Should be fun seeing if and how this line moves. Stores that don't get much teaser action because they don't offer them or make them unattractive to bet with higher vigorish may sit at 8 or 8.5, while those who take teasers stay at 9. This area around the 9 has been causing headaches for sportsbooks since the sharps started getting really aggressive with the basic strategy teasers in recent seasons. Newly arriving quants in particular have an "oh my god" type moment once they've crunched the numbers. It's not like every week is a board sweep like Week One. But, over time, it's an edge for the sharps that sportsbooks are having to deal with.

Points: 0

#4 by jmaron // Sep 14, 2010 - 4:12pm

Vikings offence was actually better than their defence according to DVOA. That seems counter to my sense of the game. I thought the offence was horrendous whereas the defence held NO to 14 points, albeit there were two missed FG's but one was after a 3 and out stuff after a Favre interception.

In my mind holding NO - in NO to 14 is damn fine D. Scoring 9 points...horrendous.

Points: 0

#13 by drobviousso // Sep 14, 2010 - 4:19pm

DVOA loves long, sustained drives of many plays for few yards with many first downs. The one drive that took approximatively 1,324 minutes and was made up of runs of exactly 3.33334 yards (or whatever) was probably worth a lot.

I think its based on the fact that the system is a per play, instead of per drive, metric is the underlying reason. Also might be why it likes small ball O like Philly and not long ball O like Dallas, but that's just a personal pet theory. No one really knows why that is.

Points: 0

#43 by RichC (not verified) // Sep 14, 2010 - 6:05pm

It would be awesome if we didn't have to hear this oft repeated, and often proven wrong statement every week.

DVOA loves drives of long plays a lot more than it loves long drives.

Points: 0

#88 by RickD // Sep 14, 2010 - 11:44pm

We really have no idea what DVOA loves or hates since Aaron keeps the formulae secret.

Points: 0

#50 by tally // Sep 14, 2010 - 6:45pm

It does love sustained drives, but not for the reason you cite.

It's simply sample size. Multiple first downs on a drive allow you to draw a more reliable conclusion about the true offensive ability than a boom or bust plays.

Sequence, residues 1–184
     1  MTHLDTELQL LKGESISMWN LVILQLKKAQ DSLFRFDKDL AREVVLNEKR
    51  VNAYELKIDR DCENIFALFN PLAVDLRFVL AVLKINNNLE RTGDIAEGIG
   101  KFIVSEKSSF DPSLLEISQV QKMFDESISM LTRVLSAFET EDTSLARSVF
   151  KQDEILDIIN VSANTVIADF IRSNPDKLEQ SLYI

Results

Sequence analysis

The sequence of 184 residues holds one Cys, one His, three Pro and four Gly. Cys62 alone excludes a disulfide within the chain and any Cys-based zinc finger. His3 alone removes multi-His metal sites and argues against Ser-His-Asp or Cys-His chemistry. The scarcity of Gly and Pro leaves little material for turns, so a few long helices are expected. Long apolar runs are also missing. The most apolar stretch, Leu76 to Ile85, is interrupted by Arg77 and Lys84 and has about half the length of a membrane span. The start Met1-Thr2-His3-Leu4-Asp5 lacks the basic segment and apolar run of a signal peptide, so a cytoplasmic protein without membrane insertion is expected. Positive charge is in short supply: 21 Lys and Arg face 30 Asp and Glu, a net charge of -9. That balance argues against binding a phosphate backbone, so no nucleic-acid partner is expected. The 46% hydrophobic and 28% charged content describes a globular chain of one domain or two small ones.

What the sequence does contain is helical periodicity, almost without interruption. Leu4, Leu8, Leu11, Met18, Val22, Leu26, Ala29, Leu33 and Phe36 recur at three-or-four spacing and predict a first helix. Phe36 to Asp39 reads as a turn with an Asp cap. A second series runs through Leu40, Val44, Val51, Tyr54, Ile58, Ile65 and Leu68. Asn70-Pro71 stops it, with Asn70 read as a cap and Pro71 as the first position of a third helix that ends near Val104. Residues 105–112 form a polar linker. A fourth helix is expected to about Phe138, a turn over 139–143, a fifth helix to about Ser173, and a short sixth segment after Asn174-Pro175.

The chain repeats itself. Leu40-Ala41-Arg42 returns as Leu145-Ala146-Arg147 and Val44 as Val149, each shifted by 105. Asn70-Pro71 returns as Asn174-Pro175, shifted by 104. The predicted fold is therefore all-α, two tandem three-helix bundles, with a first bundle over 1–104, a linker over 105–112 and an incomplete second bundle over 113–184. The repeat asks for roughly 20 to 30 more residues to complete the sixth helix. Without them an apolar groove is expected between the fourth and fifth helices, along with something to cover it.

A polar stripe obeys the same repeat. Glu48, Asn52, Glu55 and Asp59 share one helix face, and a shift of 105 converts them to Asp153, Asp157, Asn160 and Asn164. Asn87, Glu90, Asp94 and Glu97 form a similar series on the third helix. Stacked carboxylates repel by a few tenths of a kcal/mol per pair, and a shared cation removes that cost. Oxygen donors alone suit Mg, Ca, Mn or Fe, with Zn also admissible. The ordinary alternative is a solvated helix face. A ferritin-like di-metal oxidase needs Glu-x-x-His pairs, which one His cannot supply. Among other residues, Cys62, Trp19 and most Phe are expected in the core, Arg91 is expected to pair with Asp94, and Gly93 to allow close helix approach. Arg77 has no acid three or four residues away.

Points: 0

#82 by MJK // Sep 14, 2010 - 10:11pm

This is a good point that a lot of people overlook...I just said something similar further up in the column talking about defense.

If Team A has three offensive possessions, and on each one go no gain, no gain, break a long TD run, then the system will think that 1/3 of the time A has a chance of doing awesome, and 2/3 of the time S will do nothing (greatly oversimplified, because the system adjusts for context and scenario, but bear with me).

On the other hand, if Team B has three possessions where B gains 5 yards on every play, and scores a TD after each 16 play drive, then the system will think that B has a nearly 100% chance of getting 5 yards every time B touches the ball.

Now imagine each team gets the ball for a fourth posession. Based only on what you've seen so far, which do you think is more likely to move the ball/score a TD/be able to run out the clock in a critical situation? Unless you're bad at probabilty, you'll almost certainly say B.

(In mathematical terms, if A has a 1/3 chance of scoring a TD each time they touch the ball and a 2/3 chance of getting no yards, and if B has a 100% chance of getting exactly 5 yards each time they touch the ball, then B will always score a TD on every possession, but A will score a TD only 19 out of every 27 posessions).

Points: 0

#113 by Subrata Sircar // Sep 15, 2010 - 6:33am

Now introduce turnovers into the mix, and watch the math reverse. Say that each team fumbles once every 10 non-TD plays and the opponents always recover.

Team A's plays are 33% TD, 6.7% TO, 60% 0.
Team B's plays are 90% 5, 10% TO.

If each team gets the ball on the 20, Team A will almost certainly score before it turns the ball over on downs or otherwise. Team B, on the other hand, will almost certainly not score before they turn the ball over.

While there is a value to controlling the ball, there is also a risk; the longer the drive, the bigger the chance that something bad happens and the drive ends. Sooner or later, someone drops a pass, or blows a block, and you've only made it 40 yards on 8 plays and have to punt anyway, while the boom-n-bust guy scored 10 minutes ago.

Hyperbole, of course - it is good to control the ball, and first downs lead to victory, but there are a few points worth thinking about.